Book Club

Carrie Buck’s Forced Sterilization and the History of Eugenics in the US

This month for the Skepchick Book Club, we read Imbeciles: The Supreme Court, American Eugenics, and the Sterilization of Carrie Buck by Adam Cohen. The book covered the tale of Carrie Buck, a woman who had been diagnosed as “feebleminded,” who was in the wrong place at the wrong time. Through no fault of her own, she became the “perfect test case” for a group of men who wanted to push through pro-eugenics legislation allowing doctors to sterilize people that were diagnosed as unwanted members of society.

Buck’s first crime was the fact that she was born to a poor family, and her father died when she was young. Shortly after, her mother, Emma, was convicted of prostitution and committed at an institution for other “feebleminded” individuals, and her children were sent away to other families. Buck was adopted as a toddler by the Dobbs family, who made sure that she knew that she was not an equal member of the family but rather an unpaid servant. After the fifth grade, her foster parents took her out of school (where her performance had been just fine) so that she could focus solely on housework, and at times they would hire her out to other families. When she was 17 years old, she was raped by a visiting nephew of the Dobbs, and unfortunately she got pregnant, so Mrs. Dobbs sent her away to an institution for having “loose morals.” The only good thing that came of this was that Buck was reunited with her mother at the same institution (the Colony for Epileptics). After her daughter, Vivian, was born, the baby was sent away to the Dobbs (who made it clear that they would return her if she was determined to be “feebleminded” like her mother), although Carrie was allowed to visit her occasionally.

Carrie Buck was picked by the pro-eugenics people as their perfect test case because of her multiple undesirable qualities: she was a poor woman with a “feebleminded” mother, she was herself “feebleminded,” she had a child out of wedlock (who would later be declared “feebleminded” as a baby), and the doctors also remarked on her “ugly” facial features (phrenology). Thus, she was the perfect person to be sterilized, and she was put through a farce of a trial where nobody was on her side and a lot of the men in charge bent the truth in order to achieve their final goal.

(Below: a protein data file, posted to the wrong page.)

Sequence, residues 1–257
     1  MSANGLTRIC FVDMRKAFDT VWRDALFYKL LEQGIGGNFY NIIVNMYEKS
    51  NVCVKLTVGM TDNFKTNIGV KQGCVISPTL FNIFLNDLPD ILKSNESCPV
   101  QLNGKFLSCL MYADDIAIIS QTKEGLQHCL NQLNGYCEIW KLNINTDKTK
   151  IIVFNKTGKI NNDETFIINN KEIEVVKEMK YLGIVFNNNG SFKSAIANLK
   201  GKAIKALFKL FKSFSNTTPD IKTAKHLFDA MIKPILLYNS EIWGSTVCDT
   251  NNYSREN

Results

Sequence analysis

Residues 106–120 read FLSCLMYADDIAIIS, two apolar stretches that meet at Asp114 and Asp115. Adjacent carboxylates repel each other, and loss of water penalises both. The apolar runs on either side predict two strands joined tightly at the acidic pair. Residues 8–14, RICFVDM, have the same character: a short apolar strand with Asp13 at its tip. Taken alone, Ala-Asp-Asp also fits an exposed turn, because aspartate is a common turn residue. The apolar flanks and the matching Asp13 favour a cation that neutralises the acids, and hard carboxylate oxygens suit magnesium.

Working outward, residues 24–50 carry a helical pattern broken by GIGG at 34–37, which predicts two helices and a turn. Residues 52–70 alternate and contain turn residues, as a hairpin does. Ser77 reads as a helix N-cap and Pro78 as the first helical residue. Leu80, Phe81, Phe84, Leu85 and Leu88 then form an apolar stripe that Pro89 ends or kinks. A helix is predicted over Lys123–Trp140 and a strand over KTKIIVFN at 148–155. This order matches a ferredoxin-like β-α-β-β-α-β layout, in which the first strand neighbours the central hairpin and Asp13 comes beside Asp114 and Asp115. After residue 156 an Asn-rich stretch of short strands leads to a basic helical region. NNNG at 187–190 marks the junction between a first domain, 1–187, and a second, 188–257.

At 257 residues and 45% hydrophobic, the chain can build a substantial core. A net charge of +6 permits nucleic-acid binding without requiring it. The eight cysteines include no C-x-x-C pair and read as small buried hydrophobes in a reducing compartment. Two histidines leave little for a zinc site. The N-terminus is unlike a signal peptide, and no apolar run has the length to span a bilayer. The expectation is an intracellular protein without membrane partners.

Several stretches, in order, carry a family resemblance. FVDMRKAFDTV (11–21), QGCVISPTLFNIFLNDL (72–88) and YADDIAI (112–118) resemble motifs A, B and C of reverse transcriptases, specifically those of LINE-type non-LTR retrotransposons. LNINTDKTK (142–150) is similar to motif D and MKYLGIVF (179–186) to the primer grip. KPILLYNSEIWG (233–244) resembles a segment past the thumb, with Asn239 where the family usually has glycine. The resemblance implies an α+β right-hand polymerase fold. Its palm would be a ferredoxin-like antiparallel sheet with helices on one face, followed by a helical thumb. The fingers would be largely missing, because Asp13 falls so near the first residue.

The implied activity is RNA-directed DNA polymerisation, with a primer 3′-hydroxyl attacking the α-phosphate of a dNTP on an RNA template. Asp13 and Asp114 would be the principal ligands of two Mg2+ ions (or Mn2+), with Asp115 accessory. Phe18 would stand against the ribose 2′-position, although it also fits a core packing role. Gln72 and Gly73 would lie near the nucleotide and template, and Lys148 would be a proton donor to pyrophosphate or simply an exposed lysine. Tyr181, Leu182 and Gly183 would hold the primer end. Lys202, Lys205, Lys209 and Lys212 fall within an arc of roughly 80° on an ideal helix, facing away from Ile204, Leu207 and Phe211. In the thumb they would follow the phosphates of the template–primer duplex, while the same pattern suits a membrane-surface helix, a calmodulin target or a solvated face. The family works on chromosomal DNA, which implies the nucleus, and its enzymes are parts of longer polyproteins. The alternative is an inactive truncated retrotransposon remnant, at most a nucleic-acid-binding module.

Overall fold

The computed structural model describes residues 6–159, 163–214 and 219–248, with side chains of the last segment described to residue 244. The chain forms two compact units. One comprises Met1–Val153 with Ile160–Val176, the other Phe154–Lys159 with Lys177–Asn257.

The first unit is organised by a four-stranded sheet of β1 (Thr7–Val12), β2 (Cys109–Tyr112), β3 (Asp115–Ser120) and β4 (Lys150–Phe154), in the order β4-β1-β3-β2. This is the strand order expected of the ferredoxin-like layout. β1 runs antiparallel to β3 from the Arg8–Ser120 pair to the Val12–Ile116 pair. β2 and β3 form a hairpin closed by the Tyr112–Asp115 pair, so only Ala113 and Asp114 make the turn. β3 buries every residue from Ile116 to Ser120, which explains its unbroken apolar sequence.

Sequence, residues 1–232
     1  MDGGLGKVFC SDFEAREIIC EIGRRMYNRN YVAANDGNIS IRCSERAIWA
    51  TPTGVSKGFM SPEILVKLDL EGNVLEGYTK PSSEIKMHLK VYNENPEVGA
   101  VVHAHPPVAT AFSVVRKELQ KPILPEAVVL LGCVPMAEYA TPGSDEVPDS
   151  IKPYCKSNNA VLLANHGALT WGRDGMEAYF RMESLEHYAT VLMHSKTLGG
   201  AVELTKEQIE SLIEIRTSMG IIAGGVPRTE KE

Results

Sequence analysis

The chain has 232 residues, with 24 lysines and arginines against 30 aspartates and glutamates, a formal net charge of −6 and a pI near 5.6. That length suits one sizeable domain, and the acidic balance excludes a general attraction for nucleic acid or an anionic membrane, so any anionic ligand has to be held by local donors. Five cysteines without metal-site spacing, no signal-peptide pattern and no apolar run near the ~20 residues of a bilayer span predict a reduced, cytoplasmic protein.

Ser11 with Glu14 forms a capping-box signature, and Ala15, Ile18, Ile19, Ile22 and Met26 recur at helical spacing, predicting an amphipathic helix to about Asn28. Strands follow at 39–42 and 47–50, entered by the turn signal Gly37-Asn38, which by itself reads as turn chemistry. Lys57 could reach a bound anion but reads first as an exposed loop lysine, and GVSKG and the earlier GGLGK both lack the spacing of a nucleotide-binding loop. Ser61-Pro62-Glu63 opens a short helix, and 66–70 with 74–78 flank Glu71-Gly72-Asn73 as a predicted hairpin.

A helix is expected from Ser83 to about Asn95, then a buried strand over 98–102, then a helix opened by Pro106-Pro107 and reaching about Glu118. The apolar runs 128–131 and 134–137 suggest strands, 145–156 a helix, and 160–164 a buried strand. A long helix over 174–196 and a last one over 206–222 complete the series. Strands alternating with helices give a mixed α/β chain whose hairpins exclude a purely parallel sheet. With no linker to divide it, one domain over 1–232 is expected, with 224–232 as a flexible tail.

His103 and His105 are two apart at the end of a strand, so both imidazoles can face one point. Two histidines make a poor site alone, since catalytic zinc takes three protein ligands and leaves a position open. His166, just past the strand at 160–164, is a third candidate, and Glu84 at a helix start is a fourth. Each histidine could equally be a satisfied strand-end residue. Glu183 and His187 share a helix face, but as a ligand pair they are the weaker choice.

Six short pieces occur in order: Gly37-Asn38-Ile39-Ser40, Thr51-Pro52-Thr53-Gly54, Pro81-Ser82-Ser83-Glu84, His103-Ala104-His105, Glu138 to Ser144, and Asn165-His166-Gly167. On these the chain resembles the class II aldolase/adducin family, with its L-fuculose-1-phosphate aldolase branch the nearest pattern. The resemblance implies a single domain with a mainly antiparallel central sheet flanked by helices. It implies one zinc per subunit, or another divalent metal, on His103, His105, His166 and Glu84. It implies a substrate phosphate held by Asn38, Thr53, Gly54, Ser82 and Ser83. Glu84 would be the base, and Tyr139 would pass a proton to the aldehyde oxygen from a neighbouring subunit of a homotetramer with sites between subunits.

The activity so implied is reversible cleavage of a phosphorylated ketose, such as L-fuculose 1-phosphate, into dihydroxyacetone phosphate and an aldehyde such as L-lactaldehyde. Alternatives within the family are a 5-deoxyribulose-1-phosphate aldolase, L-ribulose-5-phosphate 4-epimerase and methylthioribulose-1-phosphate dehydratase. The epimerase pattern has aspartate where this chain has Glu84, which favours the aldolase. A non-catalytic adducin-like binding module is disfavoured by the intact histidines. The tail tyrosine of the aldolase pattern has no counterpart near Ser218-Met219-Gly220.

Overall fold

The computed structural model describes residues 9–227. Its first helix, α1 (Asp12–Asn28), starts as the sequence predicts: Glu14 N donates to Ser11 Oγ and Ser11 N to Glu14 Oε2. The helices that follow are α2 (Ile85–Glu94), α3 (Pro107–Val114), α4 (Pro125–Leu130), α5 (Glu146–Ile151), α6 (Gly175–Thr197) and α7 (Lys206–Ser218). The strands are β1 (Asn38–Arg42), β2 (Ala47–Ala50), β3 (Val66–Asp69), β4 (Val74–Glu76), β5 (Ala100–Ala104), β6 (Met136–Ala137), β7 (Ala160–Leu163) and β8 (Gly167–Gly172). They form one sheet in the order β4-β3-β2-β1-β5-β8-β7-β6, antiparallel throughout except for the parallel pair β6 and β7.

Even though the book is about Buck’s case, it goes into great depth on the background of the white men in charge of her fate:

  • Albert Priddy – a pro-eugenics doctor who was strongly in favor of mass sterilization, who also favored progressive reforms in mental care; at the time of the case, he was the superintendent of the Colony for Epileptics and kept up a lifelong correspondence with Buck.
  • Irving Whitehead – Buck’s lawyer who was supposed to defend her side but who was good friends with Dr. Priddy and the prosecuting lawyer, Mr. Strode. He did not put up any defense for Buck and it’s unclear what exactly he did besides agree with the prosecutor.
  • Harry Laughlin – the leader of the Eugenics Record Office who taught pro-eugenics classes on the side. He is notable not only for his positions on eugenics and sterilizations but also because he was diagnosed with epilepsy in his 40’s (at the time, epilepsy was derided by the pro-eugenics crowd as an offense worthy of sterilization). Irony!
  • Aubrey Strode – an ardent trial lawyer and dedicated advocate to his clients who defended the pro-sterilization side of Buck’s case. He was also hugely racist (what an unforseen coincidence!) and insisted upon adhering to the Jim Crow rules of manners (which include never addressing a black man as “mister”). It’s questionable whether he really supported sterilization, but if not, he did nothing to stand in its way.
  • Oliver Wendell Holmes – a Supreme Court Justice who somehow had a reputation as some sort of Liberal Lion even though he was a curmudgeonly racist fellow who was against the common man and highly pro-eugenics.